Relational algebra and queries

The solution to the first exercise is now available.

Exercise 1: Air trafic

In the questions that follow, we need information about departure and arrival times. We assume the following relations have been implemented as tables in SQL:

FlightCodes(_code_, airlineName)
Flights(origin, destination, departure, arrival, _code_)
  origin → Airports.code
  destination → Airports.code
  code → FlightCodes.code

The listed flight code is the prime flight (i.e. the one used by the operating airline). For simplicity, we assume that departure and arrival are integers denoting full hours, all in the same time zone, and that 0 departure < arrival < 24.

Question 1 Using this schema, write an SQL query that finds all airports that have departures or arrivals (or both) of flights operated by Lufthansa or SAS (or both).

Question 2 Using the schema, write an SQL query that shows the names of all cities together with the number of flights that depart from them, and sorts them by the number of flights in descending order (i.e. the city with the largest number of departures first).

Question 3 Using the above schema, write a view that lists all connections from any city X to any other city Y involving 1 or 2 legs (i.e. separate flights between two cities: if you fly from Gothenburg to Paris with a change in Frankfurt, the connection has two legs).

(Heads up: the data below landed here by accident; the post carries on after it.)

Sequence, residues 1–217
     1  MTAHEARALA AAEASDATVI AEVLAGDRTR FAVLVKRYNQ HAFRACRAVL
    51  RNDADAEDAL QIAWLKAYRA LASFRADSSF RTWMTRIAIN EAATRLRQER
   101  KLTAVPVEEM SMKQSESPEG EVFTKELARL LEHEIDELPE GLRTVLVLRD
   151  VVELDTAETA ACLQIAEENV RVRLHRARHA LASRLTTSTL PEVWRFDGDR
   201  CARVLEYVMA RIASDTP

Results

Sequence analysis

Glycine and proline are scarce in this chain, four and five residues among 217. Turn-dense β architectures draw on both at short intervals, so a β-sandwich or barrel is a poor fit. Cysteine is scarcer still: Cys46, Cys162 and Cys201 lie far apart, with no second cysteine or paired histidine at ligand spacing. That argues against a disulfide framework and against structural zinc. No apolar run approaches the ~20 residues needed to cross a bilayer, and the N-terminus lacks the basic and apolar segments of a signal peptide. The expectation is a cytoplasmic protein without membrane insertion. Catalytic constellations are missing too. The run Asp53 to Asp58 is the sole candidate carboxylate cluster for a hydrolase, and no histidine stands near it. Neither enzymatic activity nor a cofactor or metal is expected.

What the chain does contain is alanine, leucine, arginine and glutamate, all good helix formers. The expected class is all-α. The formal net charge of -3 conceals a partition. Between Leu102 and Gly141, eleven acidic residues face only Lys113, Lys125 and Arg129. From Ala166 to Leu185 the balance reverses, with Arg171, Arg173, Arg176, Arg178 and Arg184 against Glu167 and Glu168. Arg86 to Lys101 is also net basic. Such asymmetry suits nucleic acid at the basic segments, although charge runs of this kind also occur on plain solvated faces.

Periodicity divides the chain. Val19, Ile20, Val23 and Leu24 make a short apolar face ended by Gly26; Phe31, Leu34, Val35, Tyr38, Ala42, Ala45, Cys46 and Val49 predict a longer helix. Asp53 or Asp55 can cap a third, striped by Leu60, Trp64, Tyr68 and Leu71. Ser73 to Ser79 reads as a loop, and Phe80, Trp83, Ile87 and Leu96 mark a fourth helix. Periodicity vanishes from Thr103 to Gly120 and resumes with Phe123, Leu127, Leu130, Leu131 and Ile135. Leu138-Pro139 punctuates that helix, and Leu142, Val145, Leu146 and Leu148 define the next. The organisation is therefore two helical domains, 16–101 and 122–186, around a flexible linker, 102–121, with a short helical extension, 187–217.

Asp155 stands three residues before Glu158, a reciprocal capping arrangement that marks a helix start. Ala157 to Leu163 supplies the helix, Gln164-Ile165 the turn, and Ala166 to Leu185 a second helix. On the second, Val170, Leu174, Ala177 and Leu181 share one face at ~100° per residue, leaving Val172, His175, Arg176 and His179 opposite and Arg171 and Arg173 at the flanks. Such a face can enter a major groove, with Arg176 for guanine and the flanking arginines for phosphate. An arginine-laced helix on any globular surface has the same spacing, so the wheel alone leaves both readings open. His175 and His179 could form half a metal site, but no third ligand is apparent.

The query must return a table with the following information (and nothing else):

  • the departure city X and destination city Y
  • the departure time from X and the arrival time in Y
  • the number of legs
  • the total time from departure in X to arrival in Y
  • the total time spent in the air

A change is possible if and only if

  1. it happens at the same airport,
  2. the changing time is at least 1 hour, and
  3. the connecting flight is on the same day.

Note: In the following questions, we don’t care about the set/multiset distinction.

Question 4 Express the query of question 1 by a relational algebra expression.

Question 5 Translate the following relational algebra expression to an SQL query:

\[\begin{split} \pi_{First.departure, Second.arrival}( \rho_{First}(Flights) \bowtie_{First.destination = Second.origin} \rho_{Second}(Flights) ) \end{split}\]

Exercise 2: Music website

The domain for this exercise is that of a database for the catalogue of an online music streaming site. You are given the following schema of their intended database:

Tracks(trackId,title, length)
    length > 0
Artists(artistId, name)